Incredible String Band

Incredible String Band

They’re definitely an acquired taste, and one that none of my music freak acquaintances managed to acquire back in the day, which makes the fact that the band hit the Top 5 in the British album charts with The Hangman's Beautiful Daughter in 1968 a source of ongoing wonderment.

It was, of course, a time when the 7 inch, 45rpm single rather than the 12-inch album dominated the music market, but, like the famous International Poetry Incarnation at the Royal Albert Hall in London on 11 June 1965 and the 14 Hour Technicolour Dream held in the huge Great Hall of London's Alexandra Palace on 29 April 1967. Hangman’s chart album success underlines the fact that there were a lot of alternative types out there at the time.

The String Band’s origin dates back to the 1963 acoustic folk duo of Robin Williamson and Clive Palmer, who  began performing alongside Bert Jansch at a weekly Glasgow folk club run by Archie Fisher. The original duo became a trio when local rocker Mike Heron joined them in late 1965, shortly after the duo had been sighted by American producer Joe Boyd, who was soon to become the head of influential folk-based label Elektra Records’ London office.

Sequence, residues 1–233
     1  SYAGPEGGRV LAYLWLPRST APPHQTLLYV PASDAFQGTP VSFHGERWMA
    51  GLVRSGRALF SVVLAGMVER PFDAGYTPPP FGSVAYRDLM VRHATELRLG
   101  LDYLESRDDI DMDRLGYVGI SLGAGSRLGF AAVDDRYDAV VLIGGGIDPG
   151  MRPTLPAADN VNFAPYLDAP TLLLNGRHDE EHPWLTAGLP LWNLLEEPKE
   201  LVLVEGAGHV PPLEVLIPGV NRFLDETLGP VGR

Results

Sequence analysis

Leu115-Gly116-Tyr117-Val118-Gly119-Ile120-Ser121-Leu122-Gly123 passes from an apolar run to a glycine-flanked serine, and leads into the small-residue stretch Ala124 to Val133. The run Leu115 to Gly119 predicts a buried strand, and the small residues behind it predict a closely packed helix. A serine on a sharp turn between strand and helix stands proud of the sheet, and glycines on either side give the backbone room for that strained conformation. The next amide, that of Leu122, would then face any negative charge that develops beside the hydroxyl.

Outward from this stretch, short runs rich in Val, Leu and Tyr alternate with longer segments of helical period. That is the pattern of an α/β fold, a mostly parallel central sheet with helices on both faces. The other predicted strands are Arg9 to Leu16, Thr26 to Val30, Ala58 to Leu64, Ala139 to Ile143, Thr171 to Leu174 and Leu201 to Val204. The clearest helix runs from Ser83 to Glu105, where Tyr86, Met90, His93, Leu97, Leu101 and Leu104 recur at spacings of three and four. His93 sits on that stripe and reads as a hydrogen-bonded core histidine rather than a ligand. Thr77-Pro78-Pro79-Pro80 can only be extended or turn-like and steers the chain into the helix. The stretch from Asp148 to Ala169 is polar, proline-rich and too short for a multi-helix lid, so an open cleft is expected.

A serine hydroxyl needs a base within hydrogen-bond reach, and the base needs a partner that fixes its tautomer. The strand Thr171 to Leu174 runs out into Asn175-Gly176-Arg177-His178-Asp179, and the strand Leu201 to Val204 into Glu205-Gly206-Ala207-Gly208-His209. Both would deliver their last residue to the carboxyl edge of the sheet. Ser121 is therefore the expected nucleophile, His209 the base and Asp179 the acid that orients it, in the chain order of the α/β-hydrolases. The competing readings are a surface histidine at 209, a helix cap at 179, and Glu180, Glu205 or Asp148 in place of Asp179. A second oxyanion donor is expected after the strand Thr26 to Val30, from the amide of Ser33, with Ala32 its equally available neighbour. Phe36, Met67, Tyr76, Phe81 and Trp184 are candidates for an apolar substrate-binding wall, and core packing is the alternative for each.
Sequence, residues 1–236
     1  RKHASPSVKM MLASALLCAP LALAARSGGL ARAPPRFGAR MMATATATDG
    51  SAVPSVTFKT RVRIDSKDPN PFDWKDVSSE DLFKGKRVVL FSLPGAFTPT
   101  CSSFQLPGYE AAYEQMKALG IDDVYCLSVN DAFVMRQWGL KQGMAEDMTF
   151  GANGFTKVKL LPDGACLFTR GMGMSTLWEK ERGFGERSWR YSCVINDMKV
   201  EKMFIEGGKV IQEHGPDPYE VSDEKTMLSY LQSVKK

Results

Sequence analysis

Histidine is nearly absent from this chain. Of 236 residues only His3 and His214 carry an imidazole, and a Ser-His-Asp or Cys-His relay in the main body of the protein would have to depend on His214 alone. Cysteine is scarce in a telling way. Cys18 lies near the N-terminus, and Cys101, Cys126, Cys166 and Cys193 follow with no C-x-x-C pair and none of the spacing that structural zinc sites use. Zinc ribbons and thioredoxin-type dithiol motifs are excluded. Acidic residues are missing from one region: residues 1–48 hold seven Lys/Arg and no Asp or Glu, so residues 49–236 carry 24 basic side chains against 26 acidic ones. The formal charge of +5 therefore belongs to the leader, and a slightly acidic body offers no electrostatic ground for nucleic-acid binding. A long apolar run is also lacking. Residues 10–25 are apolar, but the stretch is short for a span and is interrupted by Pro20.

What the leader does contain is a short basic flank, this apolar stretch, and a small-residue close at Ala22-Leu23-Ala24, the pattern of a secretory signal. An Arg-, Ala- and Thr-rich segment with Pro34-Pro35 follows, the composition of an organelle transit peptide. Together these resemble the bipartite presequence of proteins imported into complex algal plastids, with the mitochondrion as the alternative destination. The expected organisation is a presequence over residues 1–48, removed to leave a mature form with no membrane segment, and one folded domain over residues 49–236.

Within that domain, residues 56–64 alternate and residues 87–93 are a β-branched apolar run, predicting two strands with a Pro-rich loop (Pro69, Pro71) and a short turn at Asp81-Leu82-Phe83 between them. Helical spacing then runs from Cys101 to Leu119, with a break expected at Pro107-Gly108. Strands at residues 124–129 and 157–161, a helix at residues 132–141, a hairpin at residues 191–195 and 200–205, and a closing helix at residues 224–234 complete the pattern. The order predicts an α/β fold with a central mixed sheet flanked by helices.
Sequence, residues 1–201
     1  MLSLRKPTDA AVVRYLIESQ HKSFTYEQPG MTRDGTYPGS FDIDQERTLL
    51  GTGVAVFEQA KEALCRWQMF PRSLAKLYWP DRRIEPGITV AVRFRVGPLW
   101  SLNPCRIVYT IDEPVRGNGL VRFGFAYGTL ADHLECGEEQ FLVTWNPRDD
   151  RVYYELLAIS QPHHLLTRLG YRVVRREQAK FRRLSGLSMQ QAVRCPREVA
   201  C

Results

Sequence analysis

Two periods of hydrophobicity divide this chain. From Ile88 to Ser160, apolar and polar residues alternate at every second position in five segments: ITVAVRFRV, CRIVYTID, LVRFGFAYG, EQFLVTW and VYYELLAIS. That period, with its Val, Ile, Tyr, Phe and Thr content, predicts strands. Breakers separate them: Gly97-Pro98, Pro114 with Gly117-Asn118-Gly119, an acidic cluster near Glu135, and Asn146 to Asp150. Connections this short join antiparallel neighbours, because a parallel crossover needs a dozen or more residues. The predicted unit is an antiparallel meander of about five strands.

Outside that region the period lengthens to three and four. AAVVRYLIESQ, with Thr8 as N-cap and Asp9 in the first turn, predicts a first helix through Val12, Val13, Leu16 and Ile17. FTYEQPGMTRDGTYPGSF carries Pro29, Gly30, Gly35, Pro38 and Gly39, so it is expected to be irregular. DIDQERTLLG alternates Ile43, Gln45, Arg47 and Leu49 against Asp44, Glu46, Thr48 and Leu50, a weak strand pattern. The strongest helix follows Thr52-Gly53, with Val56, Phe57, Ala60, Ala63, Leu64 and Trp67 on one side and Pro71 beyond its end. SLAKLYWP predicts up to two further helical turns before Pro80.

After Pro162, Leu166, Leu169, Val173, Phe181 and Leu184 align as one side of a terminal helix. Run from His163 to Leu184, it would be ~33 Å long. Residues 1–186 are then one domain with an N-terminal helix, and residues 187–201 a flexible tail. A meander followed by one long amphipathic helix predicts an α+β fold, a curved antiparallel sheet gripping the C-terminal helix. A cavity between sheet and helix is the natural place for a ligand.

By early 1966, Palmer was running an all-night folk club, Clive's Incredible Folk Club, in Sauchiehall Street in Glasgow, and the trio became the house band. Incredible Folk Club, Incredible String Band.

Boyd signed them to Elektra, beating off a rival bid from Transatlantic Records and the trio’s first album, The Incredible String Band, was cut in London in May 1966. It was the Folk Album of the Year in Melody Maker's annual poll, but the trio, which was probably never meant to be a permanent arrangement, broke up after recording the album. 

Palmer headed off on the hippie trail to Afghanistan and India, Williamson and his girlfriend Licorice McKechnie were Morocco-bound. Heron went back to playing rock with an outfit called Rock Bottom and the Deadbeats. 


© Ian Hughes 2012